Travelling in Mexico at this time of year brings an added bonus with Day of the Dead celebrations, where honouring the dead melds with scary faces, skeleton costumes, parades, music, and plenty of colour. It coincides with Catholic observances of All Saints Day (Nov 1) and All Souls Day (Nov 2) but also has aspects rooted in pre-Hispanic indigenous beliefs. Despite the preoccupation with death, it is very much an upbeat rather than a sombre affair.
The Day of the Dead is thought to have originated with rituals to honour the dead and communicate with their souls in ancient Mesoamerica (Mexico and northern Central America). Then during Spanish colonialism, the practices became integrated with the Catholic holidays at this time of year.
Sometimes festivities get underway on the evening of Oct 31, so the Day of the Dead is often more than just one day. There are many variations in different parts of the country, with communities in the south generally having more traditional or elaborate celebrations.
The holiday is also observed in other Latin American countries, under different names. In parts of Guatemala, for example, they put their own special spin on things by flying kites in the graveyard to communicate with spirits, then have a big kite festival. (see our post on the Kite Festival of Sumpongo).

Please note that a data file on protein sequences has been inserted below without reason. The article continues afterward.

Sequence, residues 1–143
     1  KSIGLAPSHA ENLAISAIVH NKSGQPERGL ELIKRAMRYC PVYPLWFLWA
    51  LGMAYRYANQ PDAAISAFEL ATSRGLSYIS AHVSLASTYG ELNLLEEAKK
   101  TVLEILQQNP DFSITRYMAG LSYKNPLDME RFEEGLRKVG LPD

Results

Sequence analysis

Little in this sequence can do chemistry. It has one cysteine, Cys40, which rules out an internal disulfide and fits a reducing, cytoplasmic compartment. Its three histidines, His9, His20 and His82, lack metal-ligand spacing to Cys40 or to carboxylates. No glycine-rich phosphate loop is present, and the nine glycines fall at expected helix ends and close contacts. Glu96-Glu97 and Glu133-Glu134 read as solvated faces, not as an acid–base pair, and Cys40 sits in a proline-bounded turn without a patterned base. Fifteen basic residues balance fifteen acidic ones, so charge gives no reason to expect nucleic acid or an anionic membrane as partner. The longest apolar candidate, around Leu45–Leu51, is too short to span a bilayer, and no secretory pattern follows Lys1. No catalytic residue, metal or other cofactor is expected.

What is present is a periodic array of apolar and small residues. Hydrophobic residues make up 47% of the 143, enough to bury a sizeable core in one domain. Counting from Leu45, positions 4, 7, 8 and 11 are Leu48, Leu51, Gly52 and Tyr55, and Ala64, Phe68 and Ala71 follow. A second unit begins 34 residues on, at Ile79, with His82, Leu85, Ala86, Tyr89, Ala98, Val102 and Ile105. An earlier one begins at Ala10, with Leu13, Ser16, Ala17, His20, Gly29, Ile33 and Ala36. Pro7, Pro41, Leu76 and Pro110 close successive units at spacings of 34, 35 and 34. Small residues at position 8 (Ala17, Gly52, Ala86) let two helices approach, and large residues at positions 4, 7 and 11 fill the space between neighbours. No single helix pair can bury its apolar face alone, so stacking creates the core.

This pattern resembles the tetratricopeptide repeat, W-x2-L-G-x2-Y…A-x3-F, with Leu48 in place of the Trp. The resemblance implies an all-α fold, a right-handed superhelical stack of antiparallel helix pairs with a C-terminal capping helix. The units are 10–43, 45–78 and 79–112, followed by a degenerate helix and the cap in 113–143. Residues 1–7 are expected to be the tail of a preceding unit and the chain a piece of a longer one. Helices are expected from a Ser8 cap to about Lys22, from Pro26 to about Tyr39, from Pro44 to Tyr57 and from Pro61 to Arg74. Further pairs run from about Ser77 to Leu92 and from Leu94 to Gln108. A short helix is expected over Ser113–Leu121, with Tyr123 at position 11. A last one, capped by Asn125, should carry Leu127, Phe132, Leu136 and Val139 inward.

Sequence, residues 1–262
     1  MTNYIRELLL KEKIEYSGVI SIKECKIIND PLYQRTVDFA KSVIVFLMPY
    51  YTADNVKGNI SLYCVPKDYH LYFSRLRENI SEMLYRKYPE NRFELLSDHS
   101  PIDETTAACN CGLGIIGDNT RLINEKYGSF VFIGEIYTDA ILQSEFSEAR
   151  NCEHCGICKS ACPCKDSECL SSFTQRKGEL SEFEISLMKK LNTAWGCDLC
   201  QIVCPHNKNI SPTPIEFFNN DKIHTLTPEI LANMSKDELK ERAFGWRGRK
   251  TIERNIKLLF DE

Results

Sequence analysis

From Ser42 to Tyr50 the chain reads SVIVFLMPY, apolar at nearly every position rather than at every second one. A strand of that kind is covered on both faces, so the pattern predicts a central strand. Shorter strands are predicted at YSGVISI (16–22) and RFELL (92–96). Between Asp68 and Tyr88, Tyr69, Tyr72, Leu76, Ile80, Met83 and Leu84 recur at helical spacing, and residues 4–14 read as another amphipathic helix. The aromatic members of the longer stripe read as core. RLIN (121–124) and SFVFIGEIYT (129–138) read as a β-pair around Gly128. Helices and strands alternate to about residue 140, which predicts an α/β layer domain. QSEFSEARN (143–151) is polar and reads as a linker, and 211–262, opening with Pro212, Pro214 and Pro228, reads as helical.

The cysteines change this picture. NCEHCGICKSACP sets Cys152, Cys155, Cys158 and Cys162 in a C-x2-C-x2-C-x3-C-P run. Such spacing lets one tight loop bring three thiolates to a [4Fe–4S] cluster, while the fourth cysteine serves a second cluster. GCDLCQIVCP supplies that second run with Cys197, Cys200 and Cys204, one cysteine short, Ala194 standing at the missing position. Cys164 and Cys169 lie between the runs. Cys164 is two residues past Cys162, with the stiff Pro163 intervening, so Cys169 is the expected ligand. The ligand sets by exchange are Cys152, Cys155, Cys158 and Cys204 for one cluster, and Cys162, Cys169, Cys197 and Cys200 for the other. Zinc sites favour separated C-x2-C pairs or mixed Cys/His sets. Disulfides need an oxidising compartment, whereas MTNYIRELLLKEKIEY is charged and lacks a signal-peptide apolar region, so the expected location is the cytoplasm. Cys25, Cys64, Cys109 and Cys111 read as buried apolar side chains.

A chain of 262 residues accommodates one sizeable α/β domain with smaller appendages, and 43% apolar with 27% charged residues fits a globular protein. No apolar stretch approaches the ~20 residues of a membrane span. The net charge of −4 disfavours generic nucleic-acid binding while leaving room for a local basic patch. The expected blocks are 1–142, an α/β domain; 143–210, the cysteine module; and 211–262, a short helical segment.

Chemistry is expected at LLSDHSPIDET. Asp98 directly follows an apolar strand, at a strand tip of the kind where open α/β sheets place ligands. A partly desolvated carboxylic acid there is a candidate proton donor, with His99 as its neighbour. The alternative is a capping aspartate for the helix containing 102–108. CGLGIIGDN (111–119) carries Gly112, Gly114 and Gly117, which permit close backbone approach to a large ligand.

Last year on Oct 31, we arrived in the small city of Palenque in Chiapas, Mexico’s southernmost state. We had come to explore the famous Mayan ruins just outside town, so being there for the Day of the Dead was a happy coincidence. The centre square was decked out in decorations, a music stage, temporary altars, and plenty of marigold flower blossoms – the traditional flower of the dead. Next to the stage stood a large statue of La Catrina – the traditional skeleton lady with the fancy hat and enormous blackened eyes that’s an integral part of the celebration.
Evening Parade To the Centre Square
The highlight was the evening parade, which followed a long route down the main street to the centre square. Floats with elaborate themes alternated with decorated cars playing loud music. Most parade-goers were children’s dance groups, and there were a lot of them. Many represented their schools and came from other states including Veracruz, Jalisco, and Yucatan.
Most wore traditional folkloric dance outfits, but a special twist was that most also had faces painted in Day of the Dead motifs – elegant but with a scary face. The parade moved slowly and often stopped for several minutes so that the kids could perform their dance moves. While they showed a lot of enthusiasm, the smaller kids wore down as the evening went on.
The Day of the Dead ranks among Mexico’s most celebrated events. Indeed, it is significant enough that UNESCO even added it to its Representative List of the Intangible Cultural Heritage of Humanity.
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